Is Elliott’s a mechanical system?

Not really. What we’re dealing with here is the behaviour of people. If the tools you work with measure something other than the behaviour of people, you’ll be removed from the reality of what’s going on. One of the biggest failures, in terms of approaching the stock market, is to assume that the market is mechanical in the sense that outside action causes market reaction, such as the idea that the market “responds” to Fed policy or the trade balance or political decisions. Others have tried to reduce it to a sum of periodic sine waves, but always find that it cannot be done, because the market is not a time-repetitive machine in its essence.

From the standpoint of theory, market behaviour is tied to a mathematical law, but it is just not the same type of law found in the physical sciences. From the standpoint of practical application, the Wave Principle is tracking a living system, which is allowed variation in its forms, in fact, infinite variation, but limited by an essential form. Whereas a rigid system with numbers, strict mechanical numbers, never works.

Doesn’t infinite variation imply that anything goes?

Not at all. Trees vary infinitely, but they all look like trees, don’t they? And you can tell them apart from clouds, which also vary infinitely, and buildings as well. In fact, despite infinite variability, they are amazingly similar. The same is true of market patterns.

Does knowing Elliott guarantee profits?

Only the most trained and experienced market participants can act contrarily to their natural tendencies. I have yet to meet a man who invested or traded with a completely rational program based on reasonable probabilities without allowing his greed, his fear, his extraneous opinions or his irrelevant judgments to interfere. It is man’s emotional side, particularly his social dependency, that makes him think the way his fellows do, and when he does that, he loses money in the markets. At least using Elliott, you have a basis that makes winning possible.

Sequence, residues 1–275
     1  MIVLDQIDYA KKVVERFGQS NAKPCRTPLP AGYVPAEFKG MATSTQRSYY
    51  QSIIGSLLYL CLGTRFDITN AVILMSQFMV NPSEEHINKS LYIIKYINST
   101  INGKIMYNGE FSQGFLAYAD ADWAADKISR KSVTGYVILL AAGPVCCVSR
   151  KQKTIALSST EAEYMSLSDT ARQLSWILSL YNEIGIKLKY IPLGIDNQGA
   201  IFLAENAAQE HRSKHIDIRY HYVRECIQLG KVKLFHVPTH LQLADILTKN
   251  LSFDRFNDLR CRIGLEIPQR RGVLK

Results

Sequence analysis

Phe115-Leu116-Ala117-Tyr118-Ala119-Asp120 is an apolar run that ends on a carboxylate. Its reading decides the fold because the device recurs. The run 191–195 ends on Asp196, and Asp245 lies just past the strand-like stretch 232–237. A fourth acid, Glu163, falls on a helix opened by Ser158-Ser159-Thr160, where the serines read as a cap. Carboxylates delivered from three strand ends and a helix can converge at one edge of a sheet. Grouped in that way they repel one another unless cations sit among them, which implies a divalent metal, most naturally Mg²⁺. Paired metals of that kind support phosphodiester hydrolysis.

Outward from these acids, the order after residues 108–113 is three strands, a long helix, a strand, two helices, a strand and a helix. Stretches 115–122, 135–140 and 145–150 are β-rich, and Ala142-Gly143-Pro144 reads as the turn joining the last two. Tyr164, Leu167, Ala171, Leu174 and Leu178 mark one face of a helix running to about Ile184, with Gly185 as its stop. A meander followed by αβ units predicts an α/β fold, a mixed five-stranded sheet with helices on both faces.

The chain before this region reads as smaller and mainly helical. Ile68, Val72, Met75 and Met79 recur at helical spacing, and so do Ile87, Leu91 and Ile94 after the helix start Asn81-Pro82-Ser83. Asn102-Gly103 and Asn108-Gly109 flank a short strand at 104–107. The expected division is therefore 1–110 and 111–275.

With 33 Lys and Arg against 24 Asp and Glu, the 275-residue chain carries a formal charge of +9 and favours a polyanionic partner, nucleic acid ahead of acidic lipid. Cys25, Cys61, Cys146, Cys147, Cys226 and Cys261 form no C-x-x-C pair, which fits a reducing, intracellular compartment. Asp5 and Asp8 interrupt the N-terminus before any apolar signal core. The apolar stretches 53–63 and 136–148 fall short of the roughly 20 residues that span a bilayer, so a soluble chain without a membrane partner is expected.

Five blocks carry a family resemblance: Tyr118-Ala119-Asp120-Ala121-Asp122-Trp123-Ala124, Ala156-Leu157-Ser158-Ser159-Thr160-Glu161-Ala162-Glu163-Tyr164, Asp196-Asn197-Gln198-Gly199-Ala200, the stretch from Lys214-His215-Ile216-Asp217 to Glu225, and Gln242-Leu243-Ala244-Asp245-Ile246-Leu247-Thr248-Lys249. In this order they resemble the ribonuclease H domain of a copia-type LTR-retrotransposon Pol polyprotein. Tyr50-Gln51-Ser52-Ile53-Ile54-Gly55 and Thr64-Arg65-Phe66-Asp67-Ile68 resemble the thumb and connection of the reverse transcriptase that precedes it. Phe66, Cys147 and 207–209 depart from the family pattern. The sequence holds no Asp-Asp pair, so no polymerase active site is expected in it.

Most people are more interested in how the Wave Principle works than why it works. Is there any one thing people need to remember to make it work for them?

The key to Elliott Wave patterns is that the market goes three steps forward for every two steps back. If you do not get scared by the two steps back, and if you are not euphorically confident after the third step forward, you’re light-years ahead of the pack. Even then, I would add that it is one easy thing to recognize that the Wave Principle governs stock prices, while it is quite another to predict the next wave, and still another to profit from the exercise. There is no substitute for experience, so that you can learn what you feel and when you feel it, with respect to market behaviour.

Jack Frost has described the Wave Principle as something that has to be seen to be believed. What does he mean by that?

The principle is complicated to express in words. With the Wave Principle, you are dealing with a phenomenon that reveals itself visually. Try describing the concept and variations of “tree” in detail to someone who’s never seen one and you’ll see that it can be a complex task. Saying, “Look! There’s one,” is a lot easier. The human brain is very good at recognizing a pattern visually. If a computer must be programmed to recognize shapes in the sky, it would be difficult to teach it the difference between a cloud and bird and an airplane. Once you have that programmed, of course, a blimp floats by and the computer is in trouble. The human brain works differently, however, and is extremely efficient at pattern recognition. If you draw out the Principle, it is much more quickly grasped. Then when you compare actual market pictures with the model, you can accept the truth more readily. It is at the perceptual level that it is best presented, then, not the conceptual.

Can you really teach it?

Sure. Video is an excellent approach, for instance. A lot of people have learned how to apply it that way. Some have trouble at first, but then say “Once I saw your video tape, I understood it all.”

What are the Wave Principle’s key strengths?

Frost liked to say, “Its most striking characteristics are its generality and its accuracy.” Its generality gives market perspective most of the time, and its accuracy in pointing out changes in direction is almost unbelievable at times.

Why does the Wave Principle work so well?

Because it is 100% technical. No armchair theorizing from economics and politics is required.

What are its biggest shortcomings?

There is one main weakness, and this accounts for just about all the problems. There are eleven different patterns for corrections. When a correction starts, it is impossible to tell in advance which pattern has begun, so you do not know how it is going to unfold. Therefore, the best that you can do is apply some of Elliott’s observations as guidelines in making an intelligent guess as to what it is.